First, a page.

Georgia's Primary Election Was A National Scandal

Tuesday’s chaos would be catastrophic if it recurs in November.

Thousands of Georgia voters waited for up to seven hours in lines that stretched blocks during the state’s primary election on Tuesday, and many left before voting.

The state’s new voting machines did not work, because of either mechanical failure or poor training of poll workers. Many voters came to wait in line after failing to receive absentee ballots they requested to avoid the in-person threat of coronavirus. And many voters left the lines without having cast their ballots.

The worst problems were concentrated in counties and localities with higher Black populations.

Even for a state marred by a recent history of malice and incompetence in its administration of elections, Tuesday’s election was a calamity. It was neither free nor fair, critics said.

The election drew national attention as former Democratic presidential candidate Hillary Clinton tweeted that Georgia’s failure was “voter suppression.”

“Many Republicans don’t want certain people to vote,” former Attorney General Eric Holder tweeted. And L.A. Lakers star LeBron James asked whether it revealed “structurally racist” barriers to voting.

“Yesterday was completely avoidable,” said Nse Ufot, executive director for the New Georgia Project. “It was a direct attack on our democracy.”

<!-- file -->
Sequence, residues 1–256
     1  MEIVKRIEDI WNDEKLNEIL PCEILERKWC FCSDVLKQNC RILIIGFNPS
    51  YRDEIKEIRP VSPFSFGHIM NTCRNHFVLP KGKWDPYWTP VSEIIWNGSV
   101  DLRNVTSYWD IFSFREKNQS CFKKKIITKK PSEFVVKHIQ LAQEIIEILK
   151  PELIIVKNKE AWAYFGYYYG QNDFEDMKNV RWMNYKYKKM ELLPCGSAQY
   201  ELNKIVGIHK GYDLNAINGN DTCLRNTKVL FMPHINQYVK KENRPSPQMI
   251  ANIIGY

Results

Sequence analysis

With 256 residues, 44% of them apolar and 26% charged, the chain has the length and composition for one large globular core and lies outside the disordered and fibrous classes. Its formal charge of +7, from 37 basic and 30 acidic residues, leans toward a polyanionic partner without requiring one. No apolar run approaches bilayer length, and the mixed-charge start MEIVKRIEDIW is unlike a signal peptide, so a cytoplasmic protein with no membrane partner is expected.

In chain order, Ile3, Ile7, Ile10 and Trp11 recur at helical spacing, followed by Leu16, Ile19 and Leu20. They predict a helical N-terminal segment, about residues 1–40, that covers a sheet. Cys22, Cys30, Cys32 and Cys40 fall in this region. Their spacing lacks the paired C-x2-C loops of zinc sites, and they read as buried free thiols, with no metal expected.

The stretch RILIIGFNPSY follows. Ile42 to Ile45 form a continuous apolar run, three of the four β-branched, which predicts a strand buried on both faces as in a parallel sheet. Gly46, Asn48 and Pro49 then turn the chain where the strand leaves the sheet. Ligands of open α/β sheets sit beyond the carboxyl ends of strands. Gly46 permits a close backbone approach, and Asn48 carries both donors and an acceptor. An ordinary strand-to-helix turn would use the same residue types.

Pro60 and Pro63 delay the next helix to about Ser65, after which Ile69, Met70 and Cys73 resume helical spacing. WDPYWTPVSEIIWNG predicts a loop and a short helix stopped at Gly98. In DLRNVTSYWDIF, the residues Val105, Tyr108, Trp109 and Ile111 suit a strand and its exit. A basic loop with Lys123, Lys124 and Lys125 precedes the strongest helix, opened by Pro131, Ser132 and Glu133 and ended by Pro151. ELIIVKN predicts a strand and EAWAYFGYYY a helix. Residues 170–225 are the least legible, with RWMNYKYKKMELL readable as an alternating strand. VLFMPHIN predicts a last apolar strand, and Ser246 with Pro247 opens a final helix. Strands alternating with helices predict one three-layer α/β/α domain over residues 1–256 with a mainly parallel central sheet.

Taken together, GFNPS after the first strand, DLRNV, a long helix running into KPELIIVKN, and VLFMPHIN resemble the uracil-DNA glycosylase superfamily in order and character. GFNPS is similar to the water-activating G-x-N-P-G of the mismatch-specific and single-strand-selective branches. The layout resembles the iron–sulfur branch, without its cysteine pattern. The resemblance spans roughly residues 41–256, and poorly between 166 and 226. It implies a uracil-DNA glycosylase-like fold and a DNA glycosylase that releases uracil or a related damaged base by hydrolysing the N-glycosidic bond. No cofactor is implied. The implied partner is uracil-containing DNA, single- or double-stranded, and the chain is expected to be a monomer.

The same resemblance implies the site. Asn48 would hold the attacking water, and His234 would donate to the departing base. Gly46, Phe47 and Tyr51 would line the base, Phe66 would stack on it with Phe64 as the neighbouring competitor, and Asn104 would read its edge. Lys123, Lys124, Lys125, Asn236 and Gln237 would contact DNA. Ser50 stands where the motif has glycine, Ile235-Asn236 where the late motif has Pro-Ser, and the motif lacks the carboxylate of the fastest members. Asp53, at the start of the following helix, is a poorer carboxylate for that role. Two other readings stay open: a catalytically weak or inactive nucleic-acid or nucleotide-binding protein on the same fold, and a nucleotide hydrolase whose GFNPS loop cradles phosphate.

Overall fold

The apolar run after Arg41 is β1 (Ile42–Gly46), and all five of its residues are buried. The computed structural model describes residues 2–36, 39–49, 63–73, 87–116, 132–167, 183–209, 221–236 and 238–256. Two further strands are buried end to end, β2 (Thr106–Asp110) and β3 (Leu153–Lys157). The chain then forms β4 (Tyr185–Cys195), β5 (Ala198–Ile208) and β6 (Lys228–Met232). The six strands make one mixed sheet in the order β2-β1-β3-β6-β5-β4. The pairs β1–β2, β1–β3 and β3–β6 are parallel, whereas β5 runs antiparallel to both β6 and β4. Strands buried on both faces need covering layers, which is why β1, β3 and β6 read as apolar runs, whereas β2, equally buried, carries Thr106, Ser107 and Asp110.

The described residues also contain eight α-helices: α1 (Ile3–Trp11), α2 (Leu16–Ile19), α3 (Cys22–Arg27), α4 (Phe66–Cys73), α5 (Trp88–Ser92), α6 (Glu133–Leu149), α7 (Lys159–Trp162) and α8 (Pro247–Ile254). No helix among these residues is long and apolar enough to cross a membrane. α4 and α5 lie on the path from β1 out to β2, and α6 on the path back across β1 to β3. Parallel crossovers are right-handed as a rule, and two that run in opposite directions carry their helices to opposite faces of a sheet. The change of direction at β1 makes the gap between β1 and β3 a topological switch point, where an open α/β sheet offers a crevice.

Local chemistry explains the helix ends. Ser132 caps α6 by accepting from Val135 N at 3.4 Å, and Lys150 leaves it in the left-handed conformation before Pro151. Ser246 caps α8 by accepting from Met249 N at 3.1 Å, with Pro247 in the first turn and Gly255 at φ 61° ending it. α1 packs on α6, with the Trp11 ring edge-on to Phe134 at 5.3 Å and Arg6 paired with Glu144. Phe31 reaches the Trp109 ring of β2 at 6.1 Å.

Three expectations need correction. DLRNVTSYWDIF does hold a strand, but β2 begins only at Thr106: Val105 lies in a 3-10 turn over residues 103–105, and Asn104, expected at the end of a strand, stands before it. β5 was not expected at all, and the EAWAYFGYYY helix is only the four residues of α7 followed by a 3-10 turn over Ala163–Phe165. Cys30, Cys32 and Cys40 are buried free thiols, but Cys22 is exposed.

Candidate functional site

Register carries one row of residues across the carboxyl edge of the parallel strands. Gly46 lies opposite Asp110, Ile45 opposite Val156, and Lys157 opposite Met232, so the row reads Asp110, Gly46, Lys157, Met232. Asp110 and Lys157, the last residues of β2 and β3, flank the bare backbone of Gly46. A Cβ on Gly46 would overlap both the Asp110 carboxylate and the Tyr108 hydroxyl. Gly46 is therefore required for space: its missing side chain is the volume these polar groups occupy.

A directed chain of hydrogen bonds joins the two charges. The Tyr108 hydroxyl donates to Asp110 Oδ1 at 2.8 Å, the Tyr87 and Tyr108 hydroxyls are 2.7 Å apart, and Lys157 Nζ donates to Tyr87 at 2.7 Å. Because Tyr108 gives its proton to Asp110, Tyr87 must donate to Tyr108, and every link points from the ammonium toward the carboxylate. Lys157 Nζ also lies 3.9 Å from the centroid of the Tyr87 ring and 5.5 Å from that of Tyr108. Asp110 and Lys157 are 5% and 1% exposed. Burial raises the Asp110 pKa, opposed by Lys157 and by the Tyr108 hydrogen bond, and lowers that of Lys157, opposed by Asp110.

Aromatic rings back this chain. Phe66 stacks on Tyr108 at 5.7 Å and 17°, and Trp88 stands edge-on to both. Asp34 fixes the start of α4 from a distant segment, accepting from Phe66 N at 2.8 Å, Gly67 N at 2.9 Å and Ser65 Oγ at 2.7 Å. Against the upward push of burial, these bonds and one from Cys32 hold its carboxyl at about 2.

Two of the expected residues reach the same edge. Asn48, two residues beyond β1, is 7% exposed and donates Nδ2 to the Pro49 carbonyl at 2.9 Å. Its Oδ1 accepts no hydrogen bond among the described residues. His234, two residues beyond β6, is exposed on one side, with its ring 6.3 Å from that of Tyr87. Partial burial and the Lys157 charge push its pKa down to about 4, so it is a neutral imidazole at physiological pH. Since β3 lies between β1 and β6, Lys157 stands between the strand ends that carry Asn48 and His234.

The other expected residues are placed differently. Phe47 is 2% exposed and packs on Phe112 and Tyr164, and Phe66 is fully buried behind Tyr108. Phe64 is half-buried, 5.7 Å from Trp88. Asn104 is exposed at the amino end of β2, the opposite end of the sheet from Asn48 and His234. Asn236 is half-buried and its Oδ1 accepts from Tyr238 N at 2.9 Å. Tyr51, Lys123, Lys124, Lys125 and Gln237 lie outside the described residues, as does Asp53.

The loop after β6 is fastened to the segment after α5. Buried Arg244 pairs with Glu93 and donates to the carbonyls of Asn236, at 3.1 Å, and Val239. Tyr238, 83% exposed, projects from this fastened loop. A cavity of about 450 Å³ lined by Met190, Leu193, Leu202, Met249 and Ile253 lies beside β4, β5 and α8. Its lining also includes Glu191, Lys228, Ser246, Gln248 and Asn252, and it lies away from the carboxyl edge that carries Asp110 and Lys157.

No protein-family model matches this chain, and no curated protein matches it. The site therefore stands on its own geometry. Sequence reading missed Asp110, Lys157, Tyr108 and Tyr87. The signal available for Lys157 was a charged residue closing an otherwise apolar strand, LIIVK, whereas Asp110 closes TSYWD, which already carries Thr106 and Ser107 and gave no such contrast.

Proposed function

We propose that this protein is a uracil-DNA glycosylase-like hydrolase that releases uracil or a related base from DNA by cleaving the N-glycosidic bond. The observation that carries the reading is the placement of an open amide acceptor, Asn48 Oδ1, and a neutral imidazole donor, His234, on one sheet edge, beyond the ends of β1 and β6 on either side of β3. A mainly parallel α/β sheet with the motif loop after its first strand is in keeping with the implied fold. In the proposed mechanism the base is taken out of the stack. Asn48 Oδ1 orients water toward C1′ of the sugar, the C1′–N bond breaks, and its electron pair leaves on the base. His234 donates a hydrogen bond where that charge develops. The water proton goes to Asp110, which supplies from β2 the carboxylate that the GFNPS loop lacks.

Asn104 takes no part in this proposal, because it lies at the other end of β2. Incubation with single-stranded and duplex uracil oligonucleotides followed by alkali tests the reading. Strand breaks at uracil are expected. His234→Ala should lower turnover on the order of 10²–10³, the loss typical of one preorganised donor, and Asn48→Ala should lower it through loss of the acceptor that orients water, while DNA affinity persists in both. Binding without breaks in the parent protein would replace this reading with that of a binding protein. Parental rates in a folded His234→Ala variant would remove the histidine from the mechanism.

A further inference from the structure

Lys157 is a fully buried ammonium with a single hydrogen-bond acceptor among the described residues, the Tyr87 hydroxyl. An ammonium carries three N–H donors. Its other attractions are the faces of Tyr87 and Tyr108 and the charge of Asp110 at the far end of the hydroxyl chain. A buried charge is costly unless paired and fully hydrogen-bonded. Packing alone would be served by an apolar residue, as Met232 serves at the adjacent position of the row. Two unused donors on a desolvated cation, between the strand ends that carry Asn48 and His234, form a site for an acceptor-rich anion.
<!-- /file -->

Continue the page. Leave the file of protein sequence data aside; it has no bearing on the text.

“Maybe the Carter Center should send monitors to monitor Georgia elections,” said Jerry Gonzalez, executive director of Georgia Association of Latino Elected Officials, referencing the organization founded by former President Jimmy Carter that monitors foreign elections.

President Donald Trump and former Vice President Joe Biden are expected to be competitive in Georgia in the general election. The state is also in the rare position of holding races to fill two U.S. Senate seats, either one of which could decide which party holds the balance of power in that body.

People wait in line to vote in Georgia's primary election at Park Tavern on Tuesday.
People wait in line to vote in Georgia's primary election at Park Tavern on Tuesday.

If the problems revealed on Tuesday recur on Nov. 3, it could throw the entire country into chaos.

The state’s primary election was one of many across the country that have revealed the challenges of holding elections during a viral pandemic, which may remain an obstacle for the November general election.